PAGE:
The Government’s education proposal to allow financial planners with 10 years of experience to continue practicing without higher education is a backwards step, the Financial Planning Association of Australia (FPA) believes.
Speaking to Money Management, FPA head of policy, strategy, and innovation, Ben Marshan, said the association had a long-held position that there was a need to raise education standards and the proposal was effectively a backways step.
“In saying that it's always been our view, and we advocated to the Financial Adviser Standards and Ethics Authority [FASEA], that experience is an important component of demonstrating competence to provide professional financial advice and FASEA didn't do enough to take that into account,” he said.
“So, how do you balance taking experience into account and having a high education standard? That's what we're working through with members at the moment.”
Marshan said 60% of FPA members were opposed to any form of exemption for experience and 85% of members thought experience could be taken into account but not a full exemption.
“We're still getting feedback from members, we're still talking to other associations, and we're still talking to academics and trying to understand the issues that are going on,” he said.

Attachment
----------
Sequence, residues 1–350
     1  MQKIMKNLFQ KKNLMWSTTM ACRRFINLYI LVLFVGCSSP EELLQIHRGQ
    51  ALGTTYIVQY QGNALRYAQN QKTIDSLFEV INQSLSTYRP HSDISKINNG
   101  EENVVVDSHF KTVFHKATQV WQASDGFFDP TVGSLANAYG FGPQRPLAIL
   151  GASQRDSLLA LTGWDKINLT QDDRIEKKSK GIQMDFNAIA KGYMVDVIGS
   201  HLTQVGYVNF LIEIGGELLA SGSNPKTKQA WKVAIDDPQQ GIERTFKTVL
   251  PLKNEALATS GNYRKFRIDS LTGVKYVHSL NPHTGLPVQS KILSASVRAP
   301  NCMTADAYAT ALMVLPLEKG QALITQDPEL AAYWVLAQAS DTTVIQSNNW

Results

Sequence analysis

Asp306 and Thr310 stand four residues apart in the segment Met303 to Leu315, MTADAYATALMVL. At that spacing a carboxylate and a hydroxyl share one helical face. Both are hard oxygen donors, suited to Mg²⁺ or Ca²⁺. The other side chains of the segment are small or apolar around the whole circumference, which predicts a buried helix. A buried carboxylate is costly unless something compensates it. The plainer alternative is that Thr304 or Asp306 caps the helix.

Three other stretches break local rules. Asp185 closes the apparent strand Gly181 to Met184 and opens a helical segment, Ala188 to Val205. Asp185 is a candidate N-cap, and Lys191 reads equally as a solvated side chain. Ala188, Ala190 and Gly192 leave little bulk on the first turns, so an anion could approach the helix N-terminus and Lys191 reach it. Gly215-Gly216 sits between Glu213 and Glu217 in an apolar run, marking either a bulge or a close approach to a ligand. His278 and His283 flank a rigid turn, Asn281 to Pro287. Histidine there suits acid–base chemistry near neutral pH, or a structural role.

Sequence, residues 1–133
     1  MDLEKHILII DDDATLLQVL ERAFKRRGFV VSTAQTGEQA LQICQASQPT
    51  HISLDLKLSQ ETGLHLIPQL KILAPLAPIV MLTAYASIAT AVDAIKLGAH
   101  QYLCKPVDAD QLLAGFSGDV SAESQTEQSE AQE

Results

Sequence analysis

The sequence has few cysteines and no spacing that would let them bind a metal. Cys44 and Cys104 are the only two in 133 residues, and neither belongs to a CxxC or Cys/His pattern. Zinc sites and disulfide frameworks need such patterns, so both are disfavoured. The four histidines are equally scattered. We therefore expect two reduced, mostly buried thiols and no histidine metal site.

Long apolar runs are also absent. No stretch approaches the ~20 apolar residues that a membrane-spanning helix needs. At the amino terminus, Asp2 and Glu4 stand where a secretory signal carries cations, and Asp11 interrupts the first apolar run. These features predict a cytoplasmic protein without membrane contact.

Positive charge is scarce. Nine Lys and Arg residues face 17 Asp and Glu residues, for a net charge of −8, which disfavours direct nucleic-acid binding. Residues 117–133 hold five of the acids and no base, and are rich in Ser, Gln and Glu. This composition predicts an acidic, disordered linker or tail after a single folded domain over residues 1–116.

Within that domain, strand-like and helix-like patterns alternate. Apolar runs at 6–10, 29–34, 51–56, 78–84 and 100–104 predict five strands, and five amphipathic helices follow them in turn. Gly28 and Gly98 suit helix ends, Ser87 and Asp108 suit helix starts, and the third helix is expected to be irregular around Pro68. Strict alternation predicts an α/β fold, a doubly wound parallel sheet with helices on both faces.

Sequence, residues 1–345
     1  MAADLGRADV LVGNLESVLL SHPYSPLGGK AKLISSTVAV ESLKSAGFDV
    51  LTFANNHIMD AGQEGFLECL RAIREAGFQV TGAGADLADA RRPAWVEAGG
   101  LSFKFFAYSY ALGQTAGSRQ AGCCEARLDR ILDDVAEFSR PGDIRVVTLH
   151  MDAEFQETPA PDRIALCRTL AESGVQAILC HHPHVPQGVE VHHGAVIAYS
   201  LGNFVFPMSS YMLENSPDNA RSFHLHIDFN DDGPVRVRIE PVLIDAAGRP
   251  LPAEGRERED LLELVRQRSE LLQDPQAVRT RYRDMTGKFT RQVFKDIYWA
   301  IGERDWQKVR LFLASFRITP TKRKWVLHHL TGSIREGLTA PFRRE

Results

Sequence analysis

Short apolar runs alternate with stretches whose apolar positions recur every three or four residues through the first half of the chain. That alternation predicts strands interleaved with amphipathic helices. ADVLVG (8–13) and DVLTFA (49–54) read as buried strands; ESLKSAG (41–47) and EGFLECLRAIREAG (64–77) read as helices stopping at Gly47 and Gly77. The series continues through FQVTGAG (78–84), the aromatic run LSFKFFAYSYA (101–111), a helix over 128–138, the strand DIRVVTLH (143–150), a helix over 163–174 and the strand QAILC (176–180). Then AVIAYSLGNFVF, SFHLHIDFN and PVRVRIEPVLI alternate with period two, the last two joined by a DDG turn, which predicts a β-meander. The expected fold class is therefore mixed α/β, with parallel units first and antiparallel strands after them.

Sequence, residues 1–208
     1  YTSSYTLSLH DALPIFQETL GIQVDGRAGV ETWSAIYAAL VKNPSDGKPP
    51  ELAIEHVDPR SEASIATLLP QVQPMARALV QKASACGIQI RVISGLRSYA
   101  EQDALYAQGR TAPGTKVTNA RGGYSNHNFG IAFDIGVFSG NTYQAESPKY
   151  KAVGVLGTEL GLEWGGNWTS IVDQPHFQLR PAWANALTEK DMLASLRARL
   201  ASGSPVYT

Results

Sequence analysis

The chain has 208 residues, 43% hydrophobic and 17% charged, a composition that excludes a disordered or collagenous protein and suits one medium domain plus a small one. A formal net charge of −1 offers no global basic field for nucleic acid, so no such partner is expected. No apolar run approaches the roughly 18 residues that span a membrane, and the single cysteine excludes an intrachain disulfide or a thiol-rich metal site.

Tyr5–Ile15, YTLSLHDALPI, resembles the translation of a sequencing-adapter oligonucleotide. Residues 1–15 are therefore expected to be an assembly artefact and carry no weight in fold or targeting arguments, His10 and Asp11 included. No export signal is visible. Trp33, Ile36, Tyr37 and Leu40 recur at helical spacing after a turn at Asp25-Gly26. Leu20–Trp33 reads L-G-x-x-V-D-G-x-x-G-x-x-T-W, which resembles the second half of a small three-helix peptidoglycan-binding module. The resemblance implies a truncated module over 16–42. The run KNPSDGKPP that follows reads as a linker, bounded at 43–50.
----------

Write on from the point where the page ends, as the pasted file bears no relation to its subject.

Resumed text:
“We are supportive of a higher education degree, the kind of comes out of framework, but providing a lot more credit for experience along the way.
“FASEA definitely did not take experience into account in a fair way. They didn't do it in a way that that allowed an experienced financial planner to demonstrate that they were competent to meet the education requirements.”
Marshan noted there was now an opportunity with Treasury looking at the issue and that he did not necessarily believe Treasury would put the proposal out if it was not their intent to implement it.
“I've had a lot of conversations with a lot of associations and I think we're all universally in agreement that while FASEA didn't get 100%, right, they weren't necessarily far off. So, throwing the baby out with the bathwater is not necessarily the right outcome either,” he said.
“If all of the associations are in agreement that this proposal is not the right one for the profession, then Treasury might turn around and says ‘well, we propose it’, then the profession says ‘no’. So, Treasury will need to come up with something else.
“I think that's where there's an opportunity to get the right kind of outcomes. I don't know which way it will go. Some days I think it's window dressing and other days, I think, well, there's an option to actually get the right outcome for the profession here as well.”